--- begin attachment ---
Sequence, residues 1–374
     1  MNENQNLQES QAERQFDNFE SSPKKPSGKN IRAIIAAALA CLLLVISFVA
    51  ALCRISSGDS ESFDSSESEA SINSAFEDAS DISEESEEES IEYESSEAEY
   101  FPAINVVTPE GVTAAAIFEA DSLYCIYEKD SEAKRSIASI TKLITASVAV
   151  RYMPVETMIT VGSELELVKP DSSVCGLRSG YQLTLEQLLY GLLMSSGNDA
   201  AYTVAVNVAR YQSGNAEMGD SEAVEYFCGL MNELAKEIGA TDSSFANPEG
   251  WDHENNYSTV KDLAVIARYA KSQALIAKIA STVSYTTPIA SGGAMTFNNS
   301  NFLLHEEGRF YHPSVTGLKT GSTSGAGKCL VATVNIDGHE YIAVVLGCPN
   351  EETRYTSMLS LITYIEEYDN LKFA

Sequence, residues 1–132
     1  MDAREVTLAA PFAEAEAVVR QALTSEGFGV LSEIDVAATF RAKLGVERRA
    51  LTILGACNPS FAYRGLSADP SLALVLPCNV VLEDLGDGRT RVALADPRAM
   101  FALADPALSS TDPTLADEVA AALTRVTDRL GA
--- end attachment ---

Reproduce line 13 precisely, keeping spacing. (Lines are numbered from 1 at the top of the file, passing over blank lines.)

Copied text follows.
   101  FALADPALSS TDPTLADEVA AALTRVTDRL GA